Jörg: I’m not sure if I’m the best person to answer this question because a) I probably no longer count as young and b) I was extremely lucky with Ricky Rouse Has a Gun: the first publisher I approached agreed to take it on. SelfMadeHero happened to be the only UK comic book publisher whose books I’d bought in recent years. I never thought the multiple award winning publishers of Kafka and Lovecraft adaptations would agree to take on a story involving terrorists in mascot outfits shooting each other in the face! So perhaps there is hope for new creators, young and old. And we might as well be as loud, brash and mad as possible. The world needs fresh, joyful, crazy ideas.

downthetubes: Have you ever been to the Lake District before and if so what did you think of it? If you haven’t what are you expecting?

Jörg: Not yet but I can’t wait to discover it for the first time. I’ve only heard great things from last year’s festival. This year was my first Angouleme, too, and I expect this will be this island’s equivalent in the making. Very exciting!

downthetubes: Which one comic creator would you most like to meet, and why?

Jörg: Brian K. Vaughan. I love his work. Y the Last Man is the best TV series I’ve never watched.

downthetubes: How do Festivals and other comics events help creators most, do you think?

Jörg: First of all, it forces them to leave the house and get some much needed Vitamin D. And ultimately, meeting people is the most important thing. It takes people to make books and far more to read them. Finally, comic books deserve to be celebrated. The concept of a festival rather than a stuffy convention is joyous.

downthetubes: What one piece of advice do you offer people looking to work in the comics industry?

Jörg: First, think if there’s anything else you’d rather be doing. If the answer is no, you’ve come to the right place. But don’t think anyone will immediately offer you a seat. Perhaps ever. Just bring your own and don’t get up before you’ve shown the world all you’ve got.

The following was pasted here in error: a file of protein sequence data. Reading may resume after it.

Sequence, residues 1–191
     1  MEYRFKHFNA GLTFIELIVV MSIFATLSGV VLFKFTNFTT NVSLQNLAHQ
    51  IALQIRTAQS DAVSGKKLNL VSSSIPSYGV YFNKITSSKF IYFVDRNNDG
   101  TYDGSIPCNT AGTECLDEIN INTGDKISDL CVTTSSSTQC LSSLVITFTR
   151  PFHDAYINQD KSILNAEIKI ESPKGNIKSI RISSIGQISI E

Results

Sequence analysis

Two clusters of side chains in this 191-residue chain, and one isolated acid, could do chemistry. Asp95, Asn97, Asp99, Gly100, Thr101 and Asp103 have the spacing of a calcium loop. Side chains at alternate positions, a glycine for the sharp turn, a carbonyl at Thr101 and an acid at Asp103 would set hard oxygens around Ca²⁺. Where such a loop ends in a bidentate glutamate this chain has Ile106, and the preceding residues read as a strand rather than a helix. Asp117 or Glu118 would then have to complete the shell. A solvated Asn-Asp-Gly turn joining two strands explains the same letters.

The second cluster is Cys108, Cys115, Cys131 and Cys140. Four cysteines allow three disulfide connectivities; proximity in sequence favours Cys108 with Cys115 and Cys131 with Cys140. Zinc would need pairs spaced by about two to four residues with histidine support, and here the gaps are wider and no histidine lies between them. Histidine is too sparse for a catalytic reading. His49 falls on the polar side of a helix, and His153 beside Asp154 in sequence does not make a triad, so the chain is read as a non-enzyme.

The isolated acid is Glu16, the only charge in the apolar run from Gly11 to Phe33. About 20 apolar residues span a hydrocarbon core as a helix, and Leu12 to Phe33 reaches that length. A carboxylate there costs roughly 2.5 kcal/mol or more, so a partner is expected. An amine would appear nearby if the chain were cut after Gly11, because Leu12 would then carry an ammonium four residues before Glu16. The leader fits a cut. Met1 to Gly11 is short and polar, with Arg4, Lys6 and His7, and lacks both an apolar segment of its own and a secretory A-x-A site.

Jörg, thank you very much for taking time out to talk to us.

• Jörg and John Aggs will be talking about the making of Ricky Rouse Has A Gun on Saturday 18th October at 3.45pm at the Brewery Arts Centre as part of the Lakes International Comic Art Festival. Full details and booking information here. Jörg will be running a writers workshop at 1030 on the same day – more details and booking details here

• Follow Jörg  on Twitter: @newjorg | Web: www.oiffy.com

Read our review of the brilliant Ricky Rouse Has A Gun

 

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The founder of downthetubes, John works as a comics editor, writer, as Creative Consultant on the Dan Dare audio adventures for B7 Media, and on promotional work for the Lakes International Comic Art Festival. Working in British comics publishing for over 30 years, his credits include editor of titles such as Doctor Who Magazine, Star Trek Magazine and Babylon 5 Magazine. He also edited the comics anthology STRIP Magazine and edited several audio comics for ROK Comics. He has also edited several comic collections, including volumes of “Charley’s War and “Dan Dare”. He’s the writer of “Crucible”, a creator-owned project with 2000AD artist Smuzz, published on Tapastic; and “Death Duty” and “Skow Dogs” with Dave Hailwood for digital comic 100% Biodegradable.